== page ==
(Bloomberg Gadfly) -- "Pimco turned around" -- so Allianz SE claims in Friday's annual results. It certainly seems that way.
In the final three months of last year, Pacific Investment Management Co., the fixed-income fund manager owned by Allianz, delivered its best quarterly operating profit since the end of 2014, when bond guru Bill Gross quit the firm he founded.
Pimco's U.S. Income Fund was responsible for about 22 percent of 2017's total net inflows to the firm of about 144 billion euros ($180 billion). Moreover, growth is accelerating. The fourth quarter saw a net 43 billion euros of inflows, while a further $15 billion was added in January this year alone, Allianz's Chief Financial Officer Giulio Terzariol said in a Bloomberg Television interview.
Importantly, Pimco was able to attract funds without sacrificing fee income, though it still operates with a skinnier margin than Allianz's Global Investors unit is able to command in Europe.
As with the rest of the fund management industry, costs remain a focus. Allianz drove down the overall cost-income ratio in its asset management division to 60.2 percent in the fourth quarter from 61.2 percent in the year-earlier period.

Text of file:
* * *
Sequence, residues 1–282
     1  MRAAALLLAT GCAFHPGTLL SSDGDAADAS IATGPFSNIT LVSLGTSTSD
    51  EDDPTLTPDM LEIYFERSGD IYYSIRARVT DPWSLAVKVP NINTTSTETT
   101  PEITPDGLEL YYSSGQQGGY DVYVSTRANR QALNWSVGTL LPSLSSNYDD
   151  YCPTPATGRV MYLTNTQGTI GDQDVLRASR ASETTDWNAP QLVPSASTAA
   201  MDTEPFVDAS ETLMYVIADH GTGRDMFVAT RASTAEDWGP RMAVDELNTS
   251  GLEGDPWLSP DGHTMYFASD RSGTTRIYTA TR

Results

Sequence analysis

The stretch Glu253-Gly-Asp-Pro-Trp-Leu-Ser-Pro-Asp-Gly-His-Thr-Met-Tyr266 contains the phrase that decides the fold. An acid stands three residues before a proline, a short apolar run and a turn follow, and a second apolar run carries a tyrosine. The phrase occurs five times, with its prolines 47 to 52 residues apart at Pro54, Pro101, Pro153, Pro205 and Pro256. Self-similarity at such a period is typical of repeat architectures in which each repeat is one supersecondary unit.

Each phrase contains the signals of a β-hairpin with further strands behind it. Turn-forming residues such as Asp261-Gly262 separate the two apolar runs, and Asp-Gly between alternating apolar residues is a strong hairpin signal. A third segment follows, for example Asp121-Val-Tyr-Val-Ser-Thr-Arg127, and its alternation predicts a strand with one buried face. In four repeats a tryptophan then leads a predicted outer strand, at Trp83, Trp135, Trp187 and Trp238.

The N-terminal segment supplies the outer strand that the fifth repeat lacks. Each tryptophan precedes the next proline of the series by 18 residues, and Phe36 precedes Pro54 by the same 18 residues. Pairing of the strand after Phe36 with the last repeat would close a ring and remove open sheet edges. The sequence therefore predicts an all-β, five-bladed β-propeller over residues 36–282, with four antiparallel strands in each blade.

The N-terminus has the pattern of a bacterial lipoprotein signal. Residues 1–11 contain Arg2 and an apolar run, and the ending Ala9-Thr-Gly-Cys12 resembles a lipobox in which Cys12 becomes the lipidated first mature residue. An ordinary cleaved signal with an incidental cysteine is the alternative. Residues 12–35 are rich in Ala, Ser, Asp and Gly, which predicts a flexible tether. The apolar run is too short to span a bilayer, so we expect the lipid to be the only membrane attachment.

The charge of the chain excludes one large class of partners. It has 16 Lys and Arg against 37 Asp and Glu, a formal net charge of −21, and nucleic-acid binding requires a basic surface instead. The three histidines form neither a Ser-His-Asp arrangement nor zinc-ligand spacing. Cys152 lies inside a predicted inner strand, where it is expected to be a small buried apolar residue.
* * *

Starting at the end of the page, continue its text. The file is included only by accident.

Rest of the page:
The German giant is in the market for acquisitions in the asset management industry "that might add to the capabilities we have," Terzariol said. After turning Pimco around, Chief Investment Officer Daniel Ivascyn may well find himself with a bigger train set to play with.
This column does not necessarily reflect the opinion of Bloomberg LP and its owners.
Mark Gilbert is a Bloomberg Gadfly columnist covering asset management. He previously was a Bloomberg View columnist, and prior to that the London bureau chief for Bloomberg News. He is the author of “Complicit: How Greed and Collusion Made the Credit Crisis Unstoppable.”
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